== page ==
The ingredients for the spinach filling are simple and classic Italian: Parmigiano-Reggiano, nutmeg, ricotta, parsley, carrot, and eggs. The filling settles snugly into the puff pastry crust and is topped with a lattice so its vibrant green color pops through the golden criss-crossed strips. As the torta bakes, the aroma of buttery puff pastry, cheese, and nutmeg will fill your kitchen.

spinach torta rustica

Although this month’s recipes are on the leaner side, they are no less delicious and satisfying, and my fellow Cucina Conversations bloggers are all sharing some lovely vegetarian recipes that will not make you miss eating meat during the remaining days of the Lenten season. Daniela made one of my favorites, pasta al forno con ricotta e cicoria (baked pasta with ricotta and chicory greens); Francesca is sharing spaghetti and asparagus frittata, a recipe that showcases Italian’s creative way of reinventing leftovers into a delectable new meal; Carmen made beautiful crocchette di patate e cicoria (potato and chicory greens croquettes); Marialuisa is sharing a pasticcio di bieta e formaggio (chard and cheese pasty); Rosemarie made a classic springtime side dish, carciofi trifolati (pan-sautéed artichokes with garlic and parsley); and Lisa is sharing a beautiful torta salata with pumpkin and radicchio.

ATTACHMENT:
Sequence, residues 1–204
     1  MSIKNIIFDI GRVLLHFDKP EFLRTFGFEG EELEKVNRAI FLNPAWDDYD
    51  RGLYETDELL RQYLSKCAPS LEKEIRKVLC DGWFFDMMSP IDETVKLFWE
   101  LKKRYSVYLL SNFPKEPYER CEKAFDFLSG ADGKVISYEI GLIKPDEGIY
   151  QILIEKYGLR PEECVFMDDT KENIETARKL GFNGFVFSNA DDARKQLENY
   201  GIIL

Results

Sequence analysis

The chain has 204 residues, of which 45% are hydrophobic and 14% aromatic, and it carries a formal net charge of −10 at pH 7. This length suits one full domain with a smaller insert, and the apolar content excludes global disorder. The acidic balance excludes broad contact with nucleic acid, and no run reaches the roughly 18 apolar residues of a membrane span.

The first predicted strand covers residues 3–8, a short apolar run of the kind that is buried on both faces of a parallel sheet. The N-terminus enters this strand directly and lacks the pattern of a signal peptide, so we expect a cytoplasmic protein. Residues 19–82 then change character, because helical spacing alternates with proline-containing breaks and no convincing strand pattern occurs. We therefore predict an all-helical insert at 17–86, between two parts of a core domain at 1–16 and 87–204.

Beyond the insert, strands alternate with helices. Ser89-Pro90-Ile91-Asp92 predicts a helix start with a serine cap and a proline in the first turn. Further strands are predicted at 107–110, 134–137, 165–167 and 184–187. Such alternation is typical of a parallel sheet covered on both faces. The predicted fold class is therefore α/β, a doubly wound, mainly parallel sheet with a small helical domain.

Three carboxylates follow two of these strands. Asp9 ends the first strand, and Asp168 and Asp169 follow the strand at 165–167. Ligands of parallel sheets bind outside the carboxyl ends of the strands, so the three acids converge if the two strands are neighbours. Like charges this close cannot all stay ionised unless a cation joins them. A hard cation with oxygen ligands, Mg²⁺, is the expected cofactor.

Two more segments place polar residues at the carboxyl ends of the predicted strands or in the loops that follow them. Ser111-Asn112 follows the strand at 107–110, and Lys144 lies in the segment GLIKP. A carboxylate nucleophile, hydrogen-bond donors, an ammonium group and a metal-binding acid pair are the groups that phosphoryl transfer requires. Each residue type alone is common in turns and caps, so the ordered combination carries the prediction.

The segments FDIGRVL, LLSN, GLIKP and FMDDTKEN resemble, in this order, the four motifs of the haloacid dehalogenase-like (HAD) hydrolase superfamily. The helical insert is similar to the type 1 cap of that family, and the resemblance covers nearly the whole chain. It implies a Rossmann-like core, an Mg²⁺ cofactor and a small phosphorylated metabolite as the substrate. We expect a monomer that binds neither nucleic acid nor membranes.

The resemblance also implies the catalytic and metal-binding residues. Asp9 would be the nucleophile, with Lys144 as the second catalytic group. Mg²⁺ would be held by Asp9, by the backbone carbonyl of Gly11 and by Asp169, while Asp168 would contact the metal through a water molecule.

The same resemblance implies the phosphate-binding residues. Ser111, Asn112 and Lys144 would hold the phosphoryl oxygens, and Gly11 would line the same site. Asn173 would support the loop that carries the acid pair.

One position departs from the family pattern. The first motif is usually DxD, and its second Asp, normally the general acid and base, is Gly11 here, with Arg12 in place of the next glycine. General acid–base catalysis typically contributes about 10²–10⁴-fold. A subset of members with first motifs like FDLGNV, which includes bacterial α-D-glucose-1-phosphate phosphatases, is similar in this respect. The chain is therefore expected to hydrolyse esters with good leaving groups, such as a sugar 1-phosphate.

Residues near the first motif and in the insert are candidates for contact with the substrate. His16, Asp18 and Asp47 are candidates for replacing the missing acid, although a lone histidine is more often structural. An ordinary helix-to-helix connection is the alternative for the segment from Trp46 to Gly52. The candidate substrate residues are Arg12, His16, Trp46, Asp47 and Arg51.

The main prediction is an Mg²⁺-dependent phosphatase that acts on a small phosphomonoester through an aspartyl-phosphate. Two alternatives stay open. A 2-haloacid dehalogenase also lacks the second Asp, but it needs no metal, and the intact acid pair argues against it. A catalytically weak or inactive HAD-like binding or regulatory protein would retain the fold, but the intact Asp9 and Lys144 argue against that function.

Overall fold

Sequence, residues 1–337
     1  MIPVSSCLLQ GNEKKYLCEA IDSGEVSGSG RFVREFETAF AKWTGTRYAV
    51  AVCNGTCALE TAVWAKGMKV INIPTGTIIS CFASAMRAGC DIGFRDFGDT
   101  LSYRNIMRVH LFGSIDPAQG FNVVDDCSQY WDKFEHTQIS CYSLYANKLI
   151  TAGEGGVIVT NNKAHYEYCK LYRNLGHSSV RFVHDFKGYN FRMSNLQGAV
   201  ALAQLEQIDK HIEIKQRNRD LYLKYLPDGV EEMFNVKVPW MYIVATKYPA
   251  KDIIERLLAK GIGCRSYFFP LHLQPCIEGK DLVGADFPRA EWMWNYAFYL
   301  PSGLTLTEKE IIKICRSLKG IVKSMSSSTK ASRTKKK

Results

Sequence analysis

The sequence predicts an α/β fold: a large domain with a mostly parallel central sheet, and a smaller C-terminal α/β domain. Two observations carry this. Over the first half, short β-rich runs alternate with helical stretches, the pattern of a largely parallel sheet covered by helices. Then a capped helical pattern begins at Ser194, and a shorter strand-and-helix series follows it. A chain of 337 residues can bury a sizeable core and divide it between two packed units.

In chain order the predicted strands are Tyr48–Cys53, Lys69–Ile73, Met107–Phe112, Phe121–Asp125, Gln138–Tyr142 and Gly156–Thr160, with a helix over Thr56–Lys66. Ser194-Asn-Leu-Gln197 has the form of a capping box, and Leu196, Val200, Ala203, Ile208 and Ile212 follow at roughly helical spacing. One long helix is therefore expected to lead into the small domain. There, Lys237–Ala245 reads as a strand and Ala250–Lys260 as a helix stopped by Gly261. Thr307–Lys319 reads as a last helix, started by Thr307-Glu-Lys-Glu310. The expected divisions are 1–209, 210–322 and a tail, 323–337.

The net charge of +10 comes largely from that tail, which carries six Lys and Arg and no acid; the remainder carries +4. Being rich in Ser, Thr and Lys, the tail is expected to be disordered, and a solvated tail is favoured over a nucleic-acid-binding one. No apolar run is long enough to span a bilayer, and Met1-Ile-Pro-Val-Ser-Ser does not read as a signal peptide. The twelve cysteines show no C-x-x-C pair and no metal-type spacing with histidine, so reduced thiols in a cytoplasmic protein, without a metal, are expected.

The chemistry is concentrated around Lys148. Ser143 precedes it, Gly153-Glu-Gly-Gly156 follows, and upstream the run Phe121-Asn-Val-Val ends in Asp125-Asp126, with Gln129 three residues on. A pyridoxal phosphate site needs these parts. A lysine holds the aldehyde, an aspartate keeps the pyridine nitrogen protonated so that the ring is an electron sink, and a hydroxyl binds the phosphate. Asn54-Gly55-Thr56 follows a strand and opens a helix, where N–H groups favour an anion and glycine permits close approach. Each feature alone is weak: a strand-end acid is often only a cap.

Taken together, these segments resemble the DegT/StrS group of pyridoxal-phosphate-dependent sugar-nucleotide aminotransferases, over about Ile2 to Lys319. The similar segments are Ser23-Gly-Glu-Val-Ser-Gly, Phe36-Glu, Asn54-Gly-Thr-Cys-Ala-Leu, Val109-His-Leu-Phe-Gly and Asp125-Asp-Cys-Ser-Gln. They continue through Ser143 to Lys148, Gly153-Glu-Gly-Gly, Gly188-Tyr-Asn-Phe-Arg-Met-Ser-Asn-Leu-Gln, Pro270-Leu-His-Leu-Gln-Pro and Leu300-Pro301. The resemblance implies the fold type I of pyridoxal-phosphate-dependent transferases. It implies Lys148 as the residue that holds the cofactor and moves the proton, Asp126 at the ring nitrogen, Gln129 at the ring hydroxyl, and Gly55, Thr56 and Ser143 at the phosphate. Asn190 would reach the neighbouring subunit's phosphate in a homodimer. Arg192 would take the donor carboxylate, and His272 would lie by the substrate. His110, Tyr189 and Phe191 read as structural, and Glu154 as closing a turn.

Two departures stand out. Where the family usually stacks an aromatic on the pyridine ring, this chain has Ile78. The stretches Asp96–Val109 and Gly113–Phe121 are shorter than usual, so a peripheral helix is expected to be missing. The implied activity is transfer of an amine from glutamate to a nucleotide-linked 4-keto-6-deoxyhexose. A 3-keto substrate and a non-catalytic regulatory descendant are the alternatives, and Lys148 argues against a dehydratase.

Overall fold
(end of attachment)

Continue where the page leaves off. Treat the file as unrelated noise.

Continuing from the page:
Enjoy our recipes!




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Spinach Torta Rustica
Adapted from Tasting Rome: Fresh Flavors & Forgotten Recipes from an Ancient City by Katie Parla and Kristina Gill

Thaw the frozen puff pastry overnight in the refrigerator and keep it cold until you are ready to roll it out. If it is too difficult to roll out straight out of the refrigerator, let the dough stand at room temperature for 10-15 minutes to soften slightly, but do not let it get too warm or it will become too sticky to roll out.

1 kg (2¼ lb) pre-washed baby spinach
20 grams (approx. 1½ Tablespoons) Kosher Salt (to season the cooking water for the spinach)
30 ml (2 Tablespoons) extra-virgin olive oil
1 small yellow onion, small dice
8 grams (3 Tablespoons) finely chopped flat-leaf parsley
1 small carrot, finely grated
140 grams (1¼ cups) grated Parmigiano-Reggiano
226 grams (approx. 1 cup) whole milk ricotta, drained
4 grams (½ teaspoon) fine sea salt
2 grams (1 teaspoon) black pepper
4 large eggs
490 grams (1.1 lb) package frozen puff pastry, thawed in the refrigerator (such as Pepperidge Farm)
All-purpose flour (to flour the work surface)

Bring a large pot of water to a rolling boil over high heat and add in the Kosher salt. Once the salt has dissolved, add in the spinach and blanch for 1 minute. Drain the spinach through a colander and allow it to cool for about 20 minutes. Place the spinach in a large, clean dish towel and squeeze out the excess water until the spinach is as dry as possible. Transfer the spinach to a cutting board and chop it finely.